Leadership

Erik Weihenmayer: The only way to climb Everest is to go do it

Erik Weihenmayer's accomplishments seem surreal — impossible even.

Weihenmayer is the only blind person to climb the Seven Summits, which consists of scaling the tallest peaks on each continent. In 2014, he also solo kayaked the Grand Canyon, a journey of 277 miles along the Colorado River. Then there are his 50 solo sky dives.

"When I think about mountain climbing, I never think about conquering because if you go head to head with a mountain, the mountain will kick your butt. The mountain will destroy you," he said.

"You have to have a sense of humility when you go up to climb these mountains," Weihenmayer said. "I've always had humility because I was, you know, having my butt kicked by blindness."

Erik Weihenmayer
Hyoung Chang | The Denver Post | Getty Images
Erik Weihenmayer

That humility was hard earned. The blind adventurer lost his sight to a rare disease, juvenile retinoschisis, when he was 13. Weihenmayer said he had a hard time adjusting.

"When I went totally blind that freshman year, I was headstrong. I didn't want to use a cane. I didn't want to learn Braille. I didn't want to do any of the things that blind people are supposed to do because I thought that would make me blind, that would be accepting," he said.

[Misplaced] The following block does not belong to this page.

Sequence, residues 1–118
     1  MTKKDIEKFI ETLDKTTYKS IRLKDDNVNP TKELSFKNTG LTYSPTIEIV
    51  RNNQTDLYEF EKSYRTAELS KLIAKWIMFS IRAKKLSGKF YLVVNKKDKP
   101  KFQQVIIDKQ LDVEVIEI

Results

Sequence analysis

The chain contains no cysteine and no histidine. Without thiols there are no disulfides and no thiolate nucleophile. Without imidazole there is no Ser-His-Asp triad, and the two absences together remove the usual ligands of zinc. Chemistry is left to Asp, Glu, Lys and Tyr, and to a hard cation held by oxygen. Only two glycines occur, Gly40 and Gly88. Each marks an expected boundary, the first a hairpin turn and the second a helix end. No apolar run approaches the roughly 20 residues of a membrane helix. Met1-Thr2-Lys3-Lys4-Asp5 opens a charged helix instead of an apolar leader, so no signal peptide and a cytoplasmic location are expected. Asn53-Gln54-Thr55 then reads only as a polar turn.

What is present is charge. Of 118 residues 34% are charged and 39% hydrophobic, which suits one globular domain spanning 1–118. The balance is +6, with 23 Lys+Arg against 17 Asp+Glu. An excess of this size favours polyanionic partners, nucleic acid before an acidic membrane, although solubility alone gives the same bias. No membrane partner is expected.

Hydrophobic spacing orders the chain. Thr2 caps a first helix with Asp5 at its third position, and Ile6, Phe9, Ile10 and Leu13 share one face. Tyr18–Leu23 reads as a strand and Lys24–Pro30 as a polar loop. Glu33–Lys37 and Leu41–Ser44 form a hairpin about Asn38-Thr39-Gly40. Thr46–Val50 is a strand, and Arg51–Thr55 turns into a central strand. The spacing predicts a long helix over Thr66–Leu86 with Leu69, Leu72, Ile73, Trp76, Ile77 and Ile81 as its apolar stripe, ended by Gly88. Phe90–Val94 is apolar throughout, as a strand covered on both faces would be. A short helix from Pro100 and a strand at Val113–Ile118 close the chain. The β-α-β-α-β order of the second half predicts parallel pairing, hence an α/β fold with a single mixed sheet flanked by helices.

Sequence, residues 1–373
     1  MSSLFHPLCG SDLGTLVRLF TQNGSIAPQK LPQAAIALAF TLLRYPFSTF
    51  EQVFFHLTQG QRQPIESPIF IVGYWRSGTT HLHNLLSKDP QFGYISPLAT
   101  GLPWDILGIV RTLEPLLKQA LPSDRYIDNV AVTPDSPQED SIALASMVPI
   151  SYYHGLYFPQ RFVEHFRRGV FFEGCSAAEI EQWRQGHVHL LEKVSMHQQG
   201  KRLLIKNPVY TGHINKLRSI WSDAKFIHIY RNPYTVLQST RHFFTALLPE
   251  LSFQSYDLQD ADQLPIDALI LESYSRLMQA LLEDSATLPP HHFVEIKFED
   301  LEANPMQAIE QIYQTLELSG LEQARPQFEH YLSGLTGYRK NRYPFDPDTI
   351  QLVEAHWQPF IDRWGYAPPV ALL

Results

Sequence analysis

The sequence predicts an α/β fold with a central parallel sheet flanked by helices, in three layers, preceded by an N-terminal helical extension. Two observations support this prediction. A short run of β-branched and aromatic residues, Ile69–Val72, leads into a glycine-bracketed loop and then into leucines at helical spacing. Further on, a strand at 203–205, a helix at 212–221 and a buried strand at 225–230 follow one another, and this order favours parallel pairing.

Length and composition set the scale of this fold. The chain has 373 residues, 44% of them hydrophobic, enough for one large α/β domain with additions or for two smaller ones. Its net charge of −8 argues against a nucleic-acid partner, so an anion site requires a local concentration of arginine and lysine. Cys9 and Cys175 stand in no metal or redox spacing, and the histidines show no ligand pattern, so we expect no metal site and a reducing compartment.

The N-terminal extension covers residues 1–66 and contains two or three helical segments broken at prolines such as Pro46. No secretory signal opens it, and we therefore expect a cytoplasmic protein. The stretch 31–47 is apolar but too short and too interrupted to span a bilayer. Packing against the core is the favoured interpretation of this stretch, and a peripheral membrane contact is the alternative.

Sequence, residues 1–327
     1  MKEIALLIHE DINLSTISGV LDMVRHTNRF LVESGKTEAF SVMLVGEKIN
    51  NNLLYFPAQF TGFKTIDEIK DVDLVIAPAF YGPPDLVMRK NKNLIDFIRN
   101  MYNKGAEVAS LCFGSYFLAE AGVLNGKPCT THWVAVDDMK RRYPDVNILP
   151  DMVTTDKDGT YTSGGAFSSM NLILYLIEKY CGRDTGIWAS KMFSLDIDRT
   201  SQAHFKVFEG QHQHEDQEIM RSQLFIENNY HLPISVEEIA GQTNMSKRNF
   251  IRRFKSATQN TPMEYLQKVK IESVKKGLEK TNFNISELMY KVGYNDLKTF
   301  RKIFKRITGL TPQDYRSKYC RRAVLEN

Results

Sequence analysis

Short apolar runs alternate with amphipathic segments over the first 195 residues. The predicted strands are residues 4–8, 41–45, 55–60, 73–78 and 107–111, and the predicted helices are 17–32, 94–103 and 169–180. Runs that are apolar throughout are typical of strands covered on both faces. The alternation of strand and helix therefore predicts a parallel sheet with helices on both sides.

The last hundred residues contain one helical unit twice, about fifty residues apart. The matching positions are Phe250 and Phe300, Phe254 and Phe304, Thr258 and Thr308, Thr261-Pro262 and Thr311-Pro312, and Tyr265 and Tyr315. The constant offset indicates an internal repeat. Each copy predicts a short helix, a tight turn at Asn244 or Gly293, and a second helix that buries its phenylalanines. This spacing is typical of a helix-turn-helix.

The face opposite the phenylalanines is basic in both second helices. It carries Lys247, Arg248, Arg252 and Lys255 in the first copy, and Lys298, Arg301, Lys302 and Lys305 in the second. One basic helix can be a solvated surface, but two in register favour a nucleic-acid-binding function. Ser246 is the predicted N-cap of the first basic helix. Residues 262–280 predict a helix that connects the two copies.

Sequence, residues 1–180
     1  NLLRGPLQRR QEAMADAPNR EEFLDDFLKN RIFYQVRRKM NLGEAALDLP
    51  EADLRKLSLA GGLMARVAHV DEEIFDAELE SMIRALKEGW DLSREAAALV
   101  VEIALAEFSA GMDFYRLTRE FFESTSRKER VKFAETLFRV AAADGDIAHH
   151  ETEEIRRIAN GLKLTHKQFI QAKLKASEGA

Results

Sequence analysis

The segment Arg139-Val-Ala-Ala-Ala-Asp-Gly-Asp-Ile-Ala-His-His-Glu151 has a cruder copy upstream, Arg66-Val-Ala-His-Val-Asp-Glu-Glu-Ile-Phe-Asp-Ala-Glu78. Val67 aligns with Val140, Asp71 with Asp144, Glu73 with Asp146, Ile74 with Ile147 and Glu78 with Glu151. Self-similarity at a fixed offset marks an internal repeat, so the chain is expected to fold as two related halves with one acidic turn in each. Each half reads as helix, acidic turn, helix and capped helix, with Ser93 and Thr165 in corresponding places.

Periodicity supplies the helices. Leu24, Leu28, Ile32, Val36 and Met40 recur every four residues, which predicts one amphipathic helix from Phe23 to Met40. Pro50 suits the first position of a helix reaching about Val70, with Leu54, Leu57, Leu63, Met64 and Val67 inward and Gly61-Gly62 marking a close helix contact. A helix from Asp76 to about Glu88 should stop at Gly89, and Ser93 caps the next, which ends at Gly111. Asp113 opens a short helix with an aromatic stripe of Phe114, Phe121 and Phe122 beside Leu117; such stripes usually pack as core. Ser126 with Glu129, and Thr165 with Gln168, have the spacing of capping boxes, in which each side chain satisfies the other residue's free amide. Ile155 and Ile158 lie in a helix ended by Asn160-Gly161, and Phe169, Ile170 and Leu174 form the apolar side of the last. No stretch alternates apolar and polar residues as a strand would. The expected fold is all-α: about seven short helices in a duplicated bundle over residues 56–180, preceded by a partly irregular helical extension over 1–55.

As a result of his denial, Weihenmayer said he "fell down stairs and bashed his head open" until he realized he needed to accept his new life and use the tools available to him.

After adapting to his new reality, Weihenmayer discovered he had a natural talent for rock climbing fueling his hunger for outdoor adventure. He became the first blind person to scale the Nose of El Capitan in Yosemite in 1996.

"There's certain things that you can never work out ahead of time. ... The only way to experience that is to go do it." -Erik Weihenmayer

Weihenmayer is the first to credit his team with helping him achieve these milestones. For his Grand Canyon adventure, he had a friend guiding him with specific directions along the way.

"They're yelling. 'Turn a left!' 'Turn a right!' 'Hard left!' 'Charge!' ... very specific directions that get me through the rapids," Weihenmayer said.

"Teams don't just happen or maybe you get lucky every now and then, but you've got to build them carefully, very methodically," he said "You got to learn how to trust each other, how to rely on each other and how to be accountable to each other. That happens over time."

No matter how good your team is of how prepared you are, sometimes things happen outside of your realm of control.

"There's certain things that you can never work out ahead of time. When I went to Everest, going into the death zone, it's 26,000 feet above and there's no way to experience that. The only way to experience that is to go do it."